Learn why gifting stocks can be the gift that keeps on giving
The gift of time can make a stock transfer even more valuable.
When a person receives a gift of stock, they assume the tax liability on any earnings previously accumulated. On the other hand, they do not have to pay taxes on those profits until they sell the stock.
- For 2023, the maximum gift exclusion is $17,000 per person per year.
As the holiday season goes into full swing, and we’re diligently (and sometimes frantically!) checking off those holiday wish lists, there’s one gifting option that not many people consider: stocks.
Granted, it may not come wrapped in a box with a bow, like the latest tech gizmo or trending luxury item, but it could bring more joy to the recipient’s world than any gift they’ll receive all year. CWA Partner and CPA Toni Lee says that when done correctly, gifting stocks can be the gift that keeps on giving.
“Giving stocks can be a wonderful gift, not only for the recipient but for the giver as well,” says Toni. “Just make sure you are up to speed on the tax implications and gift exclusion limits before you make the transfer.”
For 2023, the maximum gift exclusion is $17,000 per person per year. Meaning you can give up to $17,000 to as many people as you like without making the IRS aware of the gifts or applying to your lifetime gift exemption of $12,920,000 (aka the total amount you can gift in your lifetime.). For 2024, the annual gift exclusion jumps up to $18,000.
The exclusion applies to any gift: stocks, cash, a car (at its fair market value), real estate and more. If your gift(s) to any one person exceeds the $17,000 exclusion limit in a calendar year, you are required to file a Gift Tax Return (Form 709) with the IRS.
The amount of the gift above the $17,000 exclusion is applied to your lifetime federal estate tax exemption of $12,920,000. If you are married, your spouse is also entitled to a $12,920,000 exclusion.
Now that we’ve covered the gift exclusion limits, let’s look at the unique benefits of gifting stocks.
BENEFITS TO THE GIVER
The advantage is simple for the person gifting the stock: any tax liability on gains already accumulated on the stock is passed on to the recipient.
For example, you invested $8,000 in a company’s stock that, after a few years, is now worth $16,000. If you sold the stock, you would owe capital gains on the $8,000 earned above the principal investment. If you gift it, however, the tax liability passes on to the recipient. You carry no tax burden.
BENEFITS TO THE RECIPIENT
Receiving an asset of significant monetary value is a great thing in and among itself. According to Toni, however, it’s the gift of time that makes the stock transfer even more valuable.
“When a person receives a gift of stocks, they assume the tax liability on any earnings previously accumulated on the stock,” says Toni. “On the other hand, they do not have to pay taxes on those profits until they sell the stock.”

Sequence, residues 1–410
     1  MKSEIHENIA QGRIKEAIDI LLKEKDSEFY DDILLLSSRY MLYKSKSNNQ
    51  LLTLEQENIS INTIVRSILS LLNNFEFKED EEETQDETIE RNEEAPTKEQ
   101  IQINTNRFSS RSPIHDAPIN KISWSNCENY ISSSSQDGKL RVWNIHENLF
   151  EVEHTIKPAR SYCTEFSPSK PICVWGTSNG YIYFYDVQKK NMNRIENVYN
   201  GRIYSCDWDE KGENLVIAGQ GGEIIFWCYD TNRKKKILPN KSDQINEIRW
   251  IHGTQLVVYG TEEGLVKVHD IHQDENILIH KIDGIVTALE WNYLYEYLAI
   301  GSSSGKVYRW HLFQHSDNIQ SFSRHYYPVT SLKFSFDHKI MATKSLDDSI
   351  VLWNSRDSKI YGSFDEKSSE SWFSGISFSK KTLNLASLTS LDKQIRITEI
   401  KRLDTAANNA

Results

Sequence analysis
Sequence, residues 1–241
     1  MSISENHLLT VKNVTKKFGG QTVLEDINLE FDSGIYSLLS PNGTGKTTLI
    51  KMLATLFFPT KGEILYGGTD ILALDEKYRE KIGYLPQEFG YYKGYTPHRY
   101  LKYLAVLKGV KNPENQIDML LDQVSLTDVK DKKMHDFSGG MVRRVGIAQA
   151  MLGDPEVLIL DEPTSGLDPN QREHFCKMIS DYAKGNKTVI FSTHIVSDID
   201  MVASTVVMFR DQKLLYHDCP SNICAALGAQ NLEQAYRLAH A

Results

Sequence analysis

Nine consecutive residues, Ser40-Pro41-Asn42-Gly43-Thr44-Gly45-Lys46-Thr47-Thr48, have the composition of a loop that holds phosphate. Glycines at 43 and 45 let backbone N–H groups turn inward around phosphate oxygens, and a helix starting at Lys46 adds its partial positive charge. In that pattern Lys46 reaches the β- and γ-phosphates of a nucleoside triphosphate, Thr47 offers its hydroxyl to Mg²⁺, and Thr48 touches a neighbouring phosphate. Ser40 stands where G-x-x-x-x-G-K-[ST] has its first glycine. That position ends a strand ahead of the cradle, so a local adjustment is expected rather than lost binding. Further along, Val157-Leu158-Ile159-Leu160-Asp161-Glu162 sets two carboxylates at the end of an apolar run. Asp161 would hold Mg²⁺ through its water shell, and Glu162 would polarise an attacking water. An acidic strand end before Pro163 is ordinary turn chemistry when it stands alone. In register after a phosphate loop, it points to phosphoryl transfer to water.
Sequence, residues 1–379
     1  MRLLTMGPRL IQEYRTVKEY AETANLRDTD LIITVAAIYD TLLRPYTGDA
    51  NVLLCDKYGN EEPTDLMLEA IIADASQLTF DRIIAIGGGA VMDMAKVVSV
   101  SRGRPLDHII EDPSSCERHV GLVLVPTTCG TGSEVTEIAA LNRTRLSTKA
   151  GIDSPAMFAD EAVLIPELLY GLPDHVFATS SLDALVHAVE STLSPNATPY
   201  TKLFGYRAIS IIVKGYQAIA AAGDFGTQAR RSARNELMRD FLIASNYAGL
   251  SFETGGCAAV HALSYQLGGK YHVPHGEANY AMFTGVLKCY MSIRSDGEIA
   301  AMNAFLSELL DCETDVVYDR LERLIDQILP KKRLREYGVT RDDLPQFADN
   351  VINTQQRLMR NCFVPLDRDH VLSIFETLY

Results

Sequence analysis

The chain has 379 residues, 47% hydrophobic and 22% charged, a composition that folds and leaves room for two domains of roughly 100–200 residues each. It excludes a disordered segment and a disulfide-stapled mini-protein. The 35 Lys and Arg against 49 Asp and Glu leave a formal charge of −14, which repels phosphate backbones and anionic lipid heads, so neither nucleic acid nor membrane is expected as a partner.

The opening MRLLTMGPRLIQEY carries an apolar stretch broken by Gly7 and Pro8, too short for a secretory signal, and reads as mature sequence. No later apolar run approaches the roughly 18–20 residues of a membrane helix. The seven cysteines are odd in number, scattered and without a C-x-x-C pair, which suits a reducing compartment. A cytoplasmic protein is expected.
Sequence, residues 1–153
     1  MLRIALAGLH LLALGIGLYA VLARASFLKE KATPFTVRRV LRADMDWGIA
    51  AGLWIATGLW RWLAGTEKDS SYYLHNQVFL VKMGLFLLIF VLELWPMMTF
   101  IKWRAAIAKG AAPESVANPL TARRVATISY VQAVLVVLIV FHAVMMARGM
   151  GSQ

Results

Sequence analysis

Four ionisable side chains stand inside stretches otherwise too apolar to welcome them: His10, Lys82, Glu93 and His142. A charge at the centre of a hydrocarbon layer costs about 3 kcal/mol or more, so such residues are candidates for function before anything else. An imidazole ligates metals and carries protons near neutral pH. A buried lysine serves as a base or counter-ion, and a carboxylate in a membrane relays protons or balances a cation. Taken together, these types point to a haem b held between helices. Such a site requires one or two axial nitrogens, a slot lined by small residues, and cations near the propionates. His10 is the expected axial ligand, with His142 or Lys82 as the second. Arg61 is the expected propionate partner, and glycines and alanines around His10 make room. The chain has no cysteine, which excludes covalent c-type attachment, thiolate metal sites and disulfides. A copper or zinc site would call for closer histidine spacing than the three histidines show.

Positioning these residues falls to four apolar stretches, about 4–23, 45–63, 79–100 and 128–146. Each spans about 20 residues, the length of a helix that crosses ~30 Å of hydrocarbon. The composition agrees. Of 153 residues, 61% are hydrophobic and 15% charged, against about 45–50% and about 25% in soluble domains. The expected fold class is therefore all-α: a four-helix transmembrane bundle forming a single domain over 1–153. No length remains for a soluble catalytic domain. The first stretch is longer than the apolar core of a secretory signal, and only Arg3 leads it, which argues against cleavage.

The ability to defer the tax liability means that the total value of the stock gift stays invested over time, allowing the money to compound at its greatest opportunity.
“It’s the power of compounding interest at work,” added Toni. “Yes, the recipient will pay taxes down the road, but the total value of the investment will be much higher than if they had to sell some shares to pay taxes right away.”
Even if the recipient plans to sell the stock right away, there can still be tax advantages. For example, mom and dad each gift $17,000 worth of legacy stock shares to an adult child to help them pay college expenses. When the student sells the stock, he or she must pay taxes on the earnings—but at a college kid’s 10% tax rate rather than the parent’s 20% or higher rate.
GIFTING FOR A COLLEGE FUND
Parents and grandparents often open 529 accounts for their young children to pay for college down the road.
While the $17,000 exclusion applies to college savings funds, there is a loophole that allows donors to “jumpstart” a 529 plan. Each parent or grandparent can give up to five times the annual gift exclusion at one time to fund the account, but they cannot contribute again for four more years.
GIFTING TO A MINOR
Gifting stocks (or cash, for that matter) to a minor isn’t as simple as gifting to an adult. There are many questions to navigate. Are you gifting stocks to fund college down the road? Will this be a one-time gift, or will you be repeating the gift every year? Do you want the minor to have access to the funds when they are 18?
“The gift giver ultimately has to determine why they are gifting,” says Toni. “If they set up a custodial brokerage account to house the stock, the kid will have access to it when they turn 18. Do you want that?”
If not, Toni suggests looking into creating a trust, where the money is systematically disbursed based on the rules set forth in the trust. There are disadvantages of trusts as well. They can be complicated to set up and navigate. Trusts are also an entity, meaning they require the trustee to file a separate tax return.
“Before gifting stock or cash to a minor, I suggest two things,” says Toni. “One, identify why you are gifting, then list the pros and cons. Two, consult a trusted CPA or financial advisor to make sure the gift is executed with your wishes in mind in to protect both the money and the recipient.”
To sum up, giving a stock gift is a great way to reap some of the above tax advantages while sharing your legacy with loved ones.
“Just don’t go it alone,” says Toni. “Talk to an advisor to understand the entire process and tax implications before putting that stock under the tree.”